Anyone who has worked with a loved one who is regaining strength after a traumatic accident knows how intense the recovery process can be. Medical bills, weekly or daily visits to a physical therapist, and relearning cognitive or physical behaviors – there is a seemingly endless number of stresses. One of the most debilitating stresses can be for families to remain financially stable after an accident.
So what is the small beacon of light in the whole situation? If the accident or injuries were caused by another person, he or she can be held liable. The negligent parties and their insurance companies may be responsible for paying for medical bills, rehabilitative treatment, present and future lost wages, as well as pain and suffering.
New York (along with half a dozen other states) currently has no statutory cap on the amount of damages a patient can collect in a medical malpractice lawsuit. However, President Obama recently voiced support for a new bill, which would set a $250,000 limit on medical malpractice lawsuits.
The suggested bill from the House Republicans limits the damages collectible through pain and suffering. California and Texas are among the states whose caps on damages have been in place the longest. Like their laws, the new bill would limit the recovery available when injuries were caused by “any health care goods or services or any medical product.”
While the corpations and individuals who support the bill argue it can lower the cost of health care, the data from states that have tried it do not support that claim. What does happen is that patient safety gets cast aside because the providers don’t need to worry about being held accountable when they unnecessarily hurt patients. Although it is uncomfortable to ponder instances in which doctors or surgeons make mistakes that cause preventable fatal accidents, it is often those instances that result in the largest recoveries. Studies have repeatedly shown that simple measures by hospitals and doctors can improve the quality of care, lower health care costs and result in better patient outcomes. If we are to have true reform it needs to begin and end with the actions of the providers who have the power to improve the system, not by once again bailing out the health care industry on the backs of those they hurt.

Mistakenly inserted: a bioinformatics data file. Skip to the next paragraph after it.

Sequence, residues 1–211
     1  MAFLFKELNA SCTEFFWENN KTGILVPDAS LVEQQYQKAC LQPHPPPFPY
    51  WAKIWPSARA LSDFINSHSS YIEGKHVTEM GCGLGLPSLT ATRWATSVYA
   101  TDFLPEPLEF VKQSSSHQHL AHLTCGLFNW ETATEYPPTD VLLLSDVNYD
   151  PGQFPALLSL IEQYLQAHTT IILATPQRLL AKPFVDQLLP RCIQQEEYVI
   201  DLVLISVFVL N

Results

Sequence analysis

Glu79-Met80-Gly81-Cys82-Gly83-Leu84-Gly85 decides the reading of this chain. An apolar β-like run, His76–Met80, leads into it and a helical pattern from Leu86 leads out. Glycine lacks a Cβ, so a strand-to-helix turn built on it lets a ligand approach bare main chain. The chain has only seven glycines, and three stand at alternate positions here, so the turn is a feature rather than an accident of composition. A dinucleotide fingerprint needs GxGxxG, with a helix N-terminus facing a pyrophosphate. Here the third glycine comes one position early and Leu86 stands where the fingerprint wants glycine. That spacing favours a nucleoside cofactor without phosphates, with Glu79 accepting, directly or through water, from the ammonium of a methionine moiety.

People who are catastrophically injured because of a doctor or hospital’s mistake will likely suffer for the rest of their lives. If the parties responsible for the injuries are not held accountable, or if there is a limit to the repercussions they will face, there is little incentive to prevent other health care professionals from making the same mistakes. If approved, the cap on New York malpractice claims would kill victims’ one beacon of light in the wake of life-altering accidents.
Source: Los Angeles Times, “Obama pushes limits to medical malpractice suits,” 28 January 2011